Michael Wittman and the Waffen SS Tiger Commanders of the Leibstandarte in WWII, Volume Iby Patrick Agte
German Panzer ace Michael Wittmann was by far the most famous tank commander on any side in World War II, destroying 138 enemy tanks and 132 anti-tank guns with his Tiger. This classic of armored
German Panzer ace Michael Wittmann was by far the most famous tank commander on any side in World War II, destroying 138 enemy tanks and 132 anti-tank guns with his Tiger. This classic of armored warfare is both combat biography and unit history, as Patrick Agte focuses on the life and career of Wittmann but also includes his fellow Tiger commanders in the 1st SS Panzer Division Leibstandarte SS Adolf Hitler. Volume One covers the Eastern Front, where Wittmann racked up more than 100 kills and participated in the Battle of Kursk in 1943.
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I purchased this book and volume 2 on the hope of reading about Michael Wittman, at the time of this review I had not started the second volume. The book does have a lot of information about the Tiger Aces of the Leibstandarte and their battles / triumphs but Michael Wittman has been regulated as one of the Tiger Aces. The book does give a number of mentions of him, but if you are looking for a history solely on him you are going to be disappointed, I gave the book 3 stars for that reason only, for an overall history of the Tiger Aces the book is worth 4 stars.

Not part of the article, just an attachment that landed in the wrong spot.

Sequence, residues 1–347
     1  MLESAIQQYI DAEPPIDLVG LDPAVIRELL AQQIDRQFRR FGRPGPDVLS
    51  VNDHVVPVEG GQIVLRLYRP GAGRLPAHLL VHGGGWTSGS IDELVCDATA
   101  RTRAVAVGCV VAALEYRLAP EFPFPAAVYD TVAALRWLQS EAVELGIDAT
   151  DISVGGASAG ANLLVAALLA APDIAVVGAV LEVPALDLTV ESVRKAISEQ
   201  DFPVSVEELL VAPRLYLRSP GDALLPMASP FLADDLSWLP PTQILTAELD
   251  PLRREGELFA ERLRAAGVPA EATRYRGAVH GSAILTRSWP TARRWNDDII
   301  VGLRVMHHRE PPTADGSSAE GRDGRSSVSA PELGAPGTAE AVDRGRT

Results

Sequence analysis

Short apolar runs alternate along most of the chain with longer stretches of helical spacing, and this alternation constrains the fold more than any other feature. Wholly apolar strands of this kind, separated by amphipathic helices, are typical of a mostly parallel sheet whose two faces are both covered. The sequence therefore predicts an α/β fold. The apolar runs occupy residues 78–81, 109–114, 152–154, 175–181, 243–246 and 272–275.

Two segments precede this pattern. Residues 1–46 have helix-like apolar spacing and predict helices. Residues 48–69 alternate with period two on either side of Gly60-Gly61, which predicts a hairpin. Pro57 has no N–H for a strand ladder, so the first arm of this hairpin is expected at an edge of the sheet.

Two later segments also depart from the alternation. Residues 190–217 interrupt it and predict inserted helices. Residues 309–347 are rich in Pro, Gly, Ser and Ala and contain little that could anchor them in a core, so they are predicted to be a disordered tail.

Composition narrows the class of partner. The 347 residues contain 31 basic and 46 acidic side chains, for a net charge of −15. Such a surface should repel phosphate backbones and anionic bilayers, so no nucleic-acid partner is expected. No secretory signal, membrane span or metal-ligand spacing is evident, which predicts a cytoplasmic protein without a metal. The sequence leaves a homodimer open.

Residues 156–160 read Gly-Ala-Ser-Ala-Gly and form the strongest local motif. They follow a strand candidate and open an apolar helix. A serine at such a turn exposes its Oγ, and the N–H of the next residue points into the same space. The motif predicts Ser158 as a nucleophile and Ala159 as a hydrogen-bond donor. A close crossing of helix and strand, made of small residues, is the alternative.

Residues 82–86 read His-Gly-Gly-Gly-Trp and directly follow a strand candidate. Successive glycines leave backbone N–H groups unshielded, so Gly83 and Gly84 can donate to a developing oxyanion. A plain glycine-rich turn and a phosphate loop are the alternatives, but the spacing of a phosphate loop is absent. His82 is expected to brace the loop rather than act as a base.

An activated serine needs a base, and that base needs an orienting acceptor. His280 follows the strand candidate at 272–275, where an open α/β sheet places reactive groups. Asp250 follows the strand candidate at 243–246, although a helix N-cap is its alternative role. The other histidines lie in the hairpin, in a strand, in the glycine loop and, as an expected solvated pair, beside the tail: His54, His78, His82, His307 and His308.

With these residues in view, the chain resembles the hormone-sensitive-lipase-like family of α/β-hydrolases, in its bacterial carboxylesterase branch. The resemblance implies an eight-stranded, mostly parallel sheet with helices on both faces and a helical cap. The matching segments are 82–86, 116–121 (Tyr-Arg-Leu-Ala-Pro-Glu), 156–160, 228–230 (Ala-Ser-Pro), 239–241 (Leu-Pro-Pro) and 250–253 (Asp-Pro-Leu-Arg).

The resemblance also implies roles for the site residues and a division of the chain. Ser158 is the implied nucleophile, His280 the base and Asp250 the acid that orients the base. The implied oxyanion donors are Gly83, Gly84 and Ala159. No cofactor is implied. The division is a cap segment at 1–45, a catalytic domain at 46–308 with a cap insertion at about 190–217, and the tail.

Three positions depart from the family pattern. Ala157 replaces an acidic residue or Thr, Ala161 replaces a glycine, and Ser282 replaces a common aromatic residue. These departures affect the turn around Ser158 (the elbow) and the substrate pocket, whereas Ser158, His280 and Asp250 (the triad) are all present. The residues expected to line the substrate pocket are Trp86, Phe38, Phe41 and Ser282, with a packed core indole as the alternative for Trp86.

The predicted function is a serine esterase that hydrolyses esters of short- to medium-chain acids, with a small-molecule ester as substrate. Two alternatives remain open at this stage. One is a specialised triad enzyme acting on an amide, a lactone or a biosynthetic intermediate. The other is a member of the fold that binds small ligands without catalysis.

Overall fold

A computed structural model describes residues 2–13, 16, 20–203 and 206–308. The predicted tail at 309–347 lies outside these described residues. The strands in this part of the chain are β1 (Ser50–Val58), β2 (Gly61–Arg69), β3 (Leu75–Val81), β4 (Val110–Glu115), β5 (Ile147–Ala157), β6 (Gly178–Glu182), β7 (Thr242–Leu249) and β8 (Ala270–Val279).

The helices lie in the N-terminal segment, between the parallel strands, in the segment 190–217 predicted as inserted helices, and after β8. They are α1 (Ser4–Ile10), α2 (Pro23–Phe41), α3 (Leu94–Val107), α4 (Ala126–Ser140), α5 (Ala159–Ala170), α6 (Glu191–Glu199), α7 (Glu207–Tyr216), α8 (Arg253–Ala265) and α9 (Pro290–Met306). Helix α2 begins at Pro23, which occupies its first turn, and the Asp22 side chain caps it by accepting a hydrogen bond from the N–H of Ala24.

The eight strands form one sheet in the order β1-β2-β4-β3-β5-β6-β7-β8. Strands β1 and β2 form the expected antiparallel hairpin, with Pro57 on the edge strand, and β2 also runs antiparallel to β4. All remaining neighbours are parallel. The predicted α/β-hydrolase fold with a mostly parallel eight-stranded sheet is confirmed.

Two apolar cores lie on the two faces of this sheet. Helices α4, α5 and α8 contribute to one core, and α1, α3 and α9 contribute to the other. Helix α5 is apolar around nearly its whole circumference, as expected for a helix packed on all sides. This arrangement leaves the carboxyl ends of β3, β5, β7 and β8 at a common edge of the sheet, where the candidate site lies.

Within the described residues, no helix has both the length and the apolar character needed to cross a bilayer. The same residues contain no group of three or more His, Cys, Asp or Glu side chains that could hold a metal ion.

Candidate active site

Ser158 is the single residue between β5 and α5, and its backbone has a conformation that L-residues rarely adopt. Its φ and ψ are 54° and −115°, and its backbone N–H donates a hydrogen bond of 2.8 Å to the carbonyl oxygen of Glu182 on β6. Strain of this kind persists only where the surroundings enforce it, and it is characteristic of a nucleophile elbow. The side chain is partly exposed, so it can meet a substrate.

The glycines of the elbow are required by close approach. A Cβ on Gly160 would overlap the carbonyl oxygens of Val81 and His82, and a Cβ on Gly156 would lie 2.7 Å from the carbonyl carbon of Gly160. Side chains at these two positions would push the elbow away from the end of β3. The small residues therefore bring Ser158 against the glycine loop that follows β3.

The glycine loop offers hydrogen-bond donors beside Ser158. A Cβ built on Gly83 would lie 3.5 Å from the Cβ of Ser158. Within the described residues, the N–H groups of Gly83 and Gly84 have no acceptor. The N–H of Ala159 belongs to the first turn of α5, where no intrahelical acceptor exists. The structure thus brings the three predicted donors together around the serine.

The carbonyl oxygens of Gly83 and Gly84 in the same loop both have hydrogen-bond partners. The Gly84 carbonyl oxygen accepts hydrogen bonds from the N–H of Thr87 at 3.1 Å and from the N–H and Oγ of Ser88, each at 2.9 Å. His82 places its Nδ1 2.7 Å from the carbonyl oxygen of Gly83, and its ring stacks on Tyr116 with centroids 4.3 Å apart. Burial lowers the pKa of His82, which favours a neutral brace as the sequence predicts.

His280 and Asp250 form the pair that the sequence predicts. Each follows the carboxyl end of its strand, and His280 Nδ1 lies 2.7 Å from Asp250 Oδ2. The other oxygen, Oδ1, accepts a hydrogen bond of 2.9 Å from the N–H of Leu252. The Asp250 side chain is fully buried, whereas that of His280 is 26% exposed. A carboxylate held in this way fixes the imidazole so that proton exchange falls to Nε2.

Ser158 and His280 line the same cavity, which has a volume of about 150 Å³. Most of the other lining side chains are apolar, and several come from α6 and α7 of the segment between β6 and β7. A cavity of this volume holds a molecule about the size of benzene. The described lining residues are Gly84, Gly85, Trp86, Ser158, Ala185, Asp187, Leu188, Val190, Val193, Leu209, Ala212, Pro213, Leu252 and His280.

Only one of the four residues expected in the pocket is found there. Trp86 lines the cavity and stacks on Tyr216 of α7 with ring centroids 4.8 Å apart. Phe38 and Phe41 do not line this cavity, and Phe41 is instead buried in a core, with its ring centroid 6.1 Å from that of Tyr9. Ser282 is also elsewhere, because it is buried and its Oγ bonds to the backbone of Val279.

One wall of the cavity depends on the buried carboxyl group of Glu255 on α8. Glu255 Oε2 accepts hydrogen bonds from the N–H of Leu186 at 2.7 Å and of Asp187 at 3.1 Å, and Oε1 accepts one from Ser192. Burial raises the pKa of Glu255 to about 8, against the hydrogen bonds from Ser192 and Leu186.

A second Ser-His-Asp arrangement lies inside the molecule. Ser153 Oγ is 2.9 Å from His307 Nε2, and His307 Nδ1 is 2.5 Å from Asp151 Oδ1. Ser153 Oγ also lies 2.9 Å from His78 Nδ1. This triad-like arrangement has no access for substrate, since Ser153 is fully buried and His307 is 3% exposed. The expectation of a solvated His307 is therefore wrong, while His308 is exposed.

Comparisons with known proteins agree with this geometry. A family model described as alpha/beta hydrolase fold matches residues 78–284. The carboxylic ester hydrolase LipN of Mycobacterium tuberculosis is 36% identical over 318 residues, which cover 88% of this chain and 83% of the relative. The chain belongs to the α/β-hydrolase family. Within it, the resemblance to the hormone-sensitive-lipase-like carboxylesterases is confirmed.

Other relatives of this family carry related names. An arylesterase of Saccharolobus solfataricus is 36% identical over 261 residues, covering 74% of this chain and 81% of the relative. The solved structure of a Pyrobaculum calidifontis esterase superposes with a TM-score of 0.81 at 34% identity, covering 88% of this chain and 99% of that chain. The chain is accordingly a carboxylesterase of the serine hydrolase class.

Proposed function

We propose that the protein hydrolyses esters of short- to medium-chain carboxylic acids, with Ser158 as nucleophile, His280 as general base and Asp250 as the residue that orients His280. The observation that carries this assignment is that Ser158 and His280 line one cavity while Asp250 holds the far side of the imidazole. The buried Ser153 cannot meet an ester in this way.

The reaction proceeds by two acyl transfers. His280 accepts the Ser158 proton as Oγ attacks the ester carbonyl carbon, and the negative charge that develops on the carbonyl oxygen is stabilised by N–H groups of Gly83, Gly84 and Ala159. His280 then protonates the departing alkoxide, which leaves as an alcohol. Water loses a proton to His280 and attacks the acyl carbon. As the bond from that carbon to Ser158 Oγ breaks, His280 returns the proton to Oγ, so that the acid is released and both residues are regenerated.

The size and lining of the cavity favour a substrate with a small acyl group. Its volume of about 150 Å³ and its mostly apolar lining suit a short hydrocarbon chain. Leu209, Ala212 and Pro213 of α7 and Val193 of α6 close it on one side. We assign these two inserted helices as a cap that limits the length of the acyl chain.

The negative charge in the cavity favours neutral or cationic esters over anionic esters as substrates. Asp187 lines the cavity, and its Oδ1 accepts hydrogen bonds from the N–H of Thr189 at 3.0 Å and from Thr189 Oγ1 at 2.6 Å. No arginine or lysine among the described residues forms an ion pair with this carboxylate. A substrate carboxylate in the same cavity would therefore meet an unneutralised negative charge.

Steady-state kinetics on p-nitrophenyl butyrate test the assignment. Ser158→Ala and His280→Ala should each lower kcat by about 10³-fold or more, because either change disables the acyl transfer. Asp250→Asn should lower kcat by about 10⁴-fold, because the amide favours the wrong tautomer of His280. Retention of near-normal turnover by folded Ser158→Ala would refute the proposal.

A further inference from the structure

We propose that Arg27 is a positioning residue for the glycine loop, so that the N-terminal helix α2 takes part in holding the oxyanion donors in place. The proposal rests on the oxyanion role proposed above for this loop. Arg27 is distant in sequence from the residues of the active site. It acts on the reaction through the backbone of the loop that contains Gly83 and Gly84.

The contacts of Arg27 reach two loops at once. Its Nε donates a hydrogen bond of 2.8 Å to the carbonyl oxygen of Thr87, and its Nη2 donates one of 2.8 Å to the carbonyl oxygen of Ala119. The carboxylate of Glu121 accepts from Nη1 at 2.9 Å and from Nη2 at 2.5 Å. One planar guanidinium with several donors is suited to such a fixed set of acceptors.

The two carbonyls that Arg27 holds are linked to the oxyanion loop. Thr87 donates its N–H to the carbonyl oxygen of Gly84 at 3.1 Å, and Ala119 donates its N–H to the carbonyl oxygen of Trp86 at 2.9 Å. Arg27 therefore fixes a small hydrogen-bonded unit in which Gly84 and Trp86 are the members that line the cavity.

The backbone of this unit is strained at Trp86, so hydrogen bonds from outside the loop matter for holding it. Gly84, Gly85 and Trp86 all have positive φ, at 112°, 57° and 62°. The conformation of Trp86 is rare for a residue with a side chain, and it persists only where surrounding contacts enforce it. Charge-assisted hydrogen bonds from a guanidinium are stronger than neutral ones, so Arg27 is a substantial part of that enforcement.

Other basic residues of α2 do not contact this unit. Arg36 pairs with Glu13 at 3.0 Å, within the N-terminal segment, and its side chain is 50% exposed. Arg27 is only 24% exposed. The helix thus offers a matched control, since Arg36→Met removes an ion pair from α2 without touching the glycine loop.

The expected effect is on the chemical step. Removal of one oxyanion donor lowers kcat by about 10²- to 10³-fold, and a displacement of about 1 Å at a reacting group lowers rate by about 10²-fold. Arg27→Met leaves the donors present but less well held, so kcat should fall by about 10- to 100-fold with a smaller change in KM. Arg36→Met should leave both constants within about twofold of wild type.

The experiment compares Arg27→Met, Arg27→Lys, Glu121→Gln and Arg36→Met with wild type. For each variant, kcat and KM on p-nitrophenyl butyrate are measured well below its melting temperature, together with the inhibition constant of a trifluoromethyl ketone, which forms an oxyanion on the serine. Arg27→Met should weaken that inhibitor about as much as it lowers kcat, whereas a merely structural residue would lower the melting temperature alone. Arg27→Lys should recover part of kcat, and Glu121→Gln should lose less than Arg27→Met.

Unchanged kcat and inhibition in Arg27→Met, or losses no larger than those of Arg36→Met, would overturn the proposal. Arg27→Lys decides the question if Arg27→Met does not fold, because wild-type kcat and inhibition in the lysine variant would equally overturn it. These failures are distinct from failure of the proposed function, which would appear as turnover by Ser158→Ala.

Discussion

I read this quite a while ago but I do still remember an number of things that lead me to this rating. First, the book was total hero worship. The objectivity one finds in most military histories was absent completely. But perhaps the greatest failure is in the editing. Almost every page had at least one typo and some pages had several. There was even a complete 2 paragraph section that was cut-and-pasted into a chapter later in the book. It was such a bad read that I returned the book. Now this was in the mid 90's and so there might have been a later edition that corrected the typos and perhaps the duplication, but I would hazard a guess that the hero worship remains.